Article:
"Another character Chapal (Bengali television actor Rajesh Sharma), a jeep driver, dreams of making it rich in Dubai by sneaking into that country on a forged passport.
"There is Amina (played by Rimi Sen of 'Hungama'), a pregnant Muslim girl, who had migrated with her husband from Bangladesh to India and whose husband is killed in the Gujarat riots. She wants to return to her own country to give her unborn child an identity.
"The mosaic of their dreams constantly has to face realistic conflicts. Though things go haywire and Chapal dies, the survivors continue to dream," Buddhadeb says.
"Fate cannot be the same for everyone but as long as life continues, hope never dies. I made this film driven by my inner queries like 'What is our root?' 'What exactly can we call our own?'" he says.
"'Swapner Din' is about the chequered maze of life, its uncertainties and wonders. The film also reflects today's India," says the filmmaker.
Buddhadeb's celluloid journey began in 1979 with "Durotto" (The Distance). A lecturer in economics, he had no formal training in filmmaking when he began dabbling in cinema.
His fans are eagerly awaiting the release of "Kalpurush..Memories of the Mist" where Bollywood screen scorcher Sameera Reddy plays an ambitious wife.
"'Kalpurush', based on my story 'America Ami', is a film where Rahul Bose plays our 21st century hero who survives, conquers and fights back. The film questions the definition of success. In the film, Rahul and actor Mithun Chakraborty are son and father and are not successful in the sense that we categorise success," says Buddhadeb.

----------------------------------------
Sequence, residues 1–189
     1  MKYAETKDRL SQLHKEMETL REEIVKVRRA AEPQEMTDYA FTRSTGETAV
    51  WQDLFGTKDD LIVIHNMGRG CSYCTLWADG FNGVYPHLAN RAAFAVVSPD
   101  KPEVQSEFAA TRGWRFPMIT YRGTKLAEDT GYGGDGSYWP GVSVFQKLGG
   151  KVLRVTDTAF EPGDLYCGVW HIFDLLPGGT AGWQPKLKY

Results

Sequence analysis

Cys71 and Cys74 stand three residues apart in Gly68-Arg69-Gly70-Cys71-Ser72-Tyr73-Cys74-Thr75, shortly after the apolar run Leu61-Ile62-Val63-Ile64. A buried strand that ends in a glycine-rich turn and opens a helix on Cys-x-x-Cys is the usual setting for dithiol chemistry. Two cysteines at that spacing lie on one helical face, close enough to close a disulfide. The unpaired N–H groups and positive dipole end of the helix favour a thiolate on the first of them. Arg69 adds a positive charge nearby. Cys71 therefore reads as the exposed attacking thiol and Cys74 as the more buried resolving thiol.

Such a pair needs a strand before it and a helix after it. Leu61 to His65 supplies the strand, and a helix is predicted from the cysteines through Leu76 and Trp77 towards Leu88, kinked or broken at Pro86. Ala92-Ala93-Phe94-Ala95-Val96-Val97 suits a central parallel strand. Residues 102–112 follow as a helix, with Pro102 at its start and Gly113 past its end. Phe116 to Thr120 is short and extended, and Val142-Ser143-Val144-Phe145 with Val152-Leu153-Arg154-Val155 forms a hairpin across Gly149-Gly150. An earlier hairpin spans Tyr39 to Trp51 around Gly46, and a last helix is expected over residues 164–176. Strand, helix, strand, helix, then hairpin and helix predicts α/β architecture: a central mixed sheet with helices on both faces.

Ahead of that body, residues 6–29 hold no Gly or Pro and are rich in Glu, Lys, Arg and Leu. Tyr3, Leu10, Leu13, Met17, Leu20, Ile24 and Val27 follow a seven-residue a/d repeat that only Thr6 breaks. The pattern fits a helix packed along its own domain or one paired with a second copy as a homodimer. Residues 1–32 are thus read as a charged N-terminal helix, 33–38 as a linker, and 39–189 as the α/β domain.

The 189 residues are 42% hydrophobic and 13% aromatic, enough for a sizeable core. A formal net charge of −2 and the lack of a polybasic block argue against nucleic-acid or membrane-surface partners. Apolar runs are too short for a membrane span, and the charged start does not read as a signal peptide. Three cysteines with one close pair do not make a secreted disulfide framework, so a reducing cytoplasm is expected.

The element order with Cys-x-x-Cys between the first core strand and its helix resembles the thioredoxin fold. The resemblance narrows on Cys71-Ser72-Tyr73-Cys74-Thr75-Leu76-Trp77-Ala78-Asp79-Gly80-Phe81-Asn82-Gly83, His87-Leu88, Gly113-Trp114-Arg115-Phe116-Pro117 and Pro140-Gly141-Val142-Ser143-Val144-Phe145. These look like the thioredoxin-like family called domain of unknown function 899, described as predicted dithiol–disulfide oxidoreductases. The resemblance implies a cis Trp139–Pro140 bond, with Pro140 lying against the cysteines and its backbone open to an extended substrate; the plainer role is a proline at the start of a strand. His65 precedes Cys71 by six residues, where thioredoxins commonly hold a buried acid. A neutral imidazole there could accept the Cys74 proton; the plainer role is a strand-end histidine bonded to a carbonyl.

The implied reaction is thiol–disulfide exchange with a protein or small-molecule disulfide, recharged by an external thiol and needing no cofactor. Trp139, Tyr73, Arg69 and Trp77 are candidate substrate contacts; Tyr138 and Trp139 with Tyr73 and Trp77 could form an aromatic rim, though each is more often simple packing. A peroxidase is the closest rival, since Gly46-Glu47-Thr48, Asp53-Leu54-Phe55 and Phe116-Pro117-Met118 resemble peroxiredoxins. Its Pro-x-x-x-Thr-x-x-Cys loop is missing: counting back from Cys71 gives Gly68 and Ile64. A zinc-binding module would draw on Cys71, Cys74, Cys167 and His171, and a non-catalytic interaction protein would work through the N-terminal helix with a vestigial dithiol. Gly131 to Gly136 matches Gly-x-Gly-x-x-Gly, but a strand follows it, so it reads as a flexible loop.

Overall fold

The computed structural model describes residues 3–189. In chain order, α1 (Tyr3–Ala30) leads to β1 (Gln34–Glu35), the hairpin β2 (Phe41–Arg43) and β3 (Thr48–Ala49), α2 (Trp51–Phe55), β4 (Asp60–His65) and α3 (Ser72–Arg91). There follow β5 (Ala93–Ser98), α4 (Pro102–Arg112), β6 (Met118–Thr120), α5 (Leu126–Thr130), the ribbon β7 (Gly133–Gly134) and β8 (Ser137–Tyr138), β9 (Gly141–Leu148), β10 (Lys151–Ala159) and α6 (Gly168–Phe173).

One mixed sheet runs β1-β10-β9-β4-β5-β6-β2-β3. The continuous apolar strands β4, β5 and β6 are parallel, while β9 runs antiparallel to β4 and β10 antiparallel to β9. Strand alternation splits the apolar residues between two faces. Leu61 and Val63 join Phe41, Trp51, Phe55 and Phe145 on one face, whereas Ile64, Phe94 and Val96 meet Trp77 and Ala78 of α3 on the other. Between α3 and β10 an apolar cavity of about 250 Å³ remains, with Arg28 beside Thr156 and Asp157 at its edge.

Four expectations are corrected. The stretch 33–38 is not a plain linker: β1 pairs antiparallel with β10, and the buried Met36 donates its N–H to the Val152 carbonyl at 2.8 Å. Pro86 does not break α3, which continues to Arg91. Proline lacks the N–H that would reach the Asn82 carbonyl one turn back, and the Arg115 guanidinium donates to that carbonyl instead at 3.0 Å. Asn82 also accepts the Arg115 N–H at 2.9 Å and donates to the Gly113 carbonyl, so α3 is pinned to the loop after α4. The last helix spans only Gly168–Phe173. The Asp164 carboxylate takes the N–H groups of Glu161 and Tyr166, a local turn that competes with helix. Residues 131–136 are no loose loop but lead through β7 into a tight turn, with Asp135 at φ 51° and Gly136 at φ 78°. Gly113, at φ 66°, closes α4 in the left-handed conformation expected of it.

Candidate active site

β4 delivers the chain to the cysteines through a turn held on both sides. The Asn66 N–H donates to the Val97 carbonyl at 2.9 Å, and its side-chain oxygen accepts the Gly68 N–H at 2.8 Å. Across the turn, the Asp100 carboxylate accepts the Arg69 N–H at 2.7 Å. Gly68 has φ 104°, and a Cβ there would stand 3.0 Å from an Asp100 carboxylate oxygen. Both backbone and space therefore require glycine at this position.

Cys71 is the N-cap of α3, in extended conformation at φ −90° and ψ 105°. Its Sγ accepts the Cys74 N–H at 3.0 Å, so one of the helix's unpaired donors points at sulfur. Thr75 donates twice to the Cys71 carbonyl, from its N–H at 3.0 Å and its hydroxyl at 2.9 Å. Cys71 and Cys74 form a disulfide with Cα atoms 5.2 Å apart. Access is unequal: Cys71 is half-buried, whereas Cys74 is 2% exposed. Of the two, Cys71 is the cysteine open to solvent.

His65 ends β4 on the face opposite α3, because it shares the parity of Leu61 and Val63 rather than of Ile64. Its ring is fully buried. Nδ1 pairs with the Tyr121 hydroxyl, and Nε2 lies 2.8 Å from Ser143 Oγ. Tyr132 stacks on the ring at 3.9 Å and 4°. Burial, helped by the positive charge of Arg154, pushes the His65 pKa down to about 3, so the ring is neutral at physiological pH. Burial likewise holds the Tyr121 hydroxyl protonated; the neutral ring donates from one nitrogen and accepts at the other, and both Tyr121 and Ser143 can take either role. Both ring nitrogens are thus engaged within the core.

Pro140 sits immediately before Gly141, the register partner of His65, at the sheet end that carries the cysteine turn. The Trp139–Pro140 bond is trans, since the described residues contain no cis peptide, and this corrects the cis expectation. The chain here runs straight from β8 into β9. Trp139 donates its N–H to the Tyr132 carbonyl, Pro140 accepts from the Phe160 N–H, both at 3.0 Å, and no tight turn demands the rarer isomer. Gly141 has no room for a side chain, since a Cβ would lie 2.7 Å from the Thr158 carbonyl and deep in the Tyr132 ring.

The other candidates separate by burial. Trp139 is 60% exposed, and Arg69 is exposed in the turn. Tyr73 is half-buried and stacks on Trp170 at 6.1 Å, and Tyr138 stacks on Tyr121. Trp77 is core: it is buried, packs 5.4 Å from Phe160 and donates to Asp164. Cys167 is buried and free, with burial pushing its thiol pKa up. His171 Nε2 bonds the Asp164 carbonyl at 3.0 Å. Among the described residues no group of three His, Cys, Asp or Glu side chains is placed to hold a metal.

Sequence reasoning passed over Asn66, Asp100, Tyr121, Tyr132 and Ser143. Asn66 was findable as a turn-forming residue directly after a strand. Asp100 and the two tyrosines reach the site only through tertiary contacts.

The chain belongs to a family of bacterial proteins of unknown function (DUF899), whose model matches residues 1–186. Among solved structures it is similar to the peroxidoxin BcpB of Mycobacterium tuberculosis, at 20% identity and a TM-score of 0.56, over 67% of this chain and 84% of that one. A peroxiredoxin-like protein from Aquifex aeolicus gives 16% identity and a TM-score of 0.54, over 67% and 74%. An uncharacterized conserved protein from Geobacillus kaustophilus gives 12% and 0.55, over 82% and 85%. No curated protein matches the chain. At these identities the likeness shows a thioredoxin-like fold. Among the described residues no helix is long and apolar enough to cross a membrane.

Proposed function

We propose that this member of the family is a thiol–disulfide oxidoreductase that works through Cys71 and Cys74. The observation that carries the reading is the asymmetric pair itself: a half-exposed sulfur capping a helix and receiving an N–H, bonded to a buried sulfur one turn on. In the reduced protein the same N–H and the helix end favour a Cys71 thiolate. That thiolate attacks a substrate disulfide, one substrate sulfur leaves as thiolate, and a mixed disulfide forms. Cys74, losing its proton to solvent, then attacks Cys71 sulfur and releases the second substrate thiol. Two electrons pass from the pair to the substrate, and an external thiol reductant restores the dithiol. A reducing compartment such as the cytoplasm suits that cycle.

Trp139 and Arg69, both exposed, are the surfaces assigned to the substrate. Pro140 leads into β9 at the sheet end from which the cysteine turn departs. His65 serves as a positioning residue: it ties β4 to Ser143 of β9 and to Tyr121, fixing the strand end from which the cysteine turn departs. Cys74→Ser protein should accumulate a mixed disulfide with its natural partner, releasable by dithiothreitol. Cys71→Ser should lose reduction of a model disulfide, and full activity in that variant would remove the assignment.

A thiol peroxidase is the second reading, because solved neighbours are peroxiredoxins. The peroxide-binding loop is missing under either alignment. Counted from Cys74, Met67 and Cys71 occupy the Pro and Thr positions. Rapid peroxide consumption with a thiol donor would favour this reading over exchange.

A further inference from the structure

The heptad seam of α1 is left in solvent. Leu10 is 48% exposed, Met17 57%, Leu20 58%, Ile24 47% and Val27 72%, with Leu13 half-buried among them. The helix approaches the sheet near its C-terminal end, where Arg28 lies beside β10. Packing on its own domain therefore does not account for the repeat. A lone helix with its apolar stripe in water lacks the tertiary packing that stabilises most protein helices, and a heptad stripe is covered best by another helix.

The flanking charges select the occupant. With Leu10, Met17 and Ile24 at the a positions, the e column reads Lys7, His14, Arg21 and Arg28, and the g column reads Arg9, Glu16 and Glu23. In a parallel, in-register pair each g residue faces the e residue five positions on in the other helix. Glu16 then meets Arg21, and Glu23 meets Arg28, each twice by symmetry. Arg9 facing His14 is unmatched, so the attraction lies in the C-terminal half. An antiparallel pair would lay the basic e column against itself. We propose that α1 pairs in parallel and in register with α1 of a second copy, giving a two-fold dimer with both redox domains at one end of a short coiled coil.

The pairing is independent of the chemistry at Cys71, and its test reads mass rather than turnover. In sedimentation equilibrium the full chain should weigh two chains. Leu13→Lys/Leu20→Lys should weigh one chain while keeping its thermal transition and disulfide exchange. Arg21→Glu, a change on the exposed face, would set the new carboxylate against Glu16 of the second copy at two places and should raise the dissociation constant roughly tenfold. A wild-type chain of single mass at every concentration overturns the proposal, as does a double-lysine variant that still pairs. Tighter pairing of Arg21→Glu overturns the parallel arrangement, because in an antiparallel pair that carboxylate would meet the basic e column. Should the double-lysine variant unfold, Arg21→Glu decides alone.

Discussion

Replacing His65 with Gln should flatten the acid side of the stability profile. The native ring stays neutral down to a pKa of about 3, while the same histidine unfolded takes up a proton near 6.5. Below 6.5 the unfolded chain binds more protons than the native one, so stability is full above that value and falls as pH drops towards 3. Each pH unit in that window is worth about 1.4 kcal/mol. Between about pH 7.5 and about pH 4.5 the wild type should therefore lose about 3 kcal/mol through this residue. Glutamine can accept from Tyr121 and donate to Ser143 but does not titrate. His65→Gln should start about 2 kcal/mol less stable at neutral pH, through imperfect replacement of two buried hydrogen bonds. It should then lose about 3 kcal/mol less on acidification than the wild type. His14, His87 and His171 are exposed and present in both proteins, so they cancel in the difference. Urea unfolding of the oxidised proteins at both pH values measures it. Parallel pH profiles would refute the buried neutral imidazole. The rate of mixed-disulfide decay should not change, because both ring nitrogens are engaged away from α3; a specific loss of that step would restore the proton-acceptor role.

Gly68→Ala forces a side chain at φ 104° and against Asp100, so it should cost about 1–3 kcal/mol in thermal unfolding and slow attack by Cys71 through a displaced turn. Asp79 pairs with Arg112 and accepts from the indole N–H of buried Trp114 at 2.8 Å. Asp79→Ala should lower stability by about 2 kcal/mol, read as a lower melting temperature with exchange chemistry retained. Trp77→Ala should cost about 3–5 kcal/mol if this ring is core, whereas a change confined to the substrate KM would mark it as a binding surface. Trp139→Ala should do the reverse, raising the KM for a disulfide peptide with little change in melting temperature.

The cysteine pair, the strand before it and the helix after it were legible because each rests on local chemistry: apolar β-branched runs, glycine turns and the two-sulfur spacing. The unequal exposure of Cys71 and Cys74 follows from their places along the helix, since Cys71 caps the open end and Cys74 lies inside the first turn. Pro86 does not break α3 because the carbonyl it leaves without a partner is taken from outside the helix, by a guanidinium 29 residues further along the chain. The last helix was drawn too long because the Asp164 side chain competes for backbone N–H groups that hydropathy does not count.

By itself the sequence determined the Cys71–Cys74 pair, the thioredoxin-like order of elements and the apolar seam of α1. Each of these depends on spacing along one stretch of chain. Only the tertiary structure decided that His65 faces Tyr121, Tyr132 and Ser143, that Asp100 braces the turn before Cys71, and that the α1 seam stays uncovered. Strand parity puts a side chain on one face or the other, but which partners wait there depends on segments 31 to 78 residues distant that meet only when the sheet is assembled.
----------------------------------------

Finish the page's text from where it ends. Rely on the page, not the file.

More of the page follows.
"It is the story of a father and son who come at a junction where death seems sweeter than life. The father is seeking escape while the son selects life despite the darkness and deformities."
Was the choice to cast Sameera Reddy (after Bipasha Basu reportedly refused the role) a market-driven decision?
"There is no harm in making your film saleable and so far as the director is grounded to his roots, a cast makes no difference.
"But I cast Sameera because her face has a certain ruthlessness that can do justice to the role of an ambitious wife who shares a cold relationship with her husband whose lack of success is a shame to her," says Buddhadeb.
"'Kalpurush', which is now on the editing table, talks about ever changing human relationships, touched with a series of surreal sequences and underlined with humour," says the filmmaker.
Buddhadeb had bagged the Special Award for Best Director in the 2000 Venice Film Festival for his film "Uttara" (The Wrestler), 43 years after Satyajit Ray's second of the famous Apu trilogy "Aparajito" won The Golden Lion at Venice.
Journeys are what fascinate filmmaker Buddhadeb. So his films like "Mondo Meyer Upakhyan", "Uttara" and "Lal Darja" (The Red Door) deal with magical journeys in the lost world of innocence and fantasy, inspired by filmmakers like Luis Bunuel.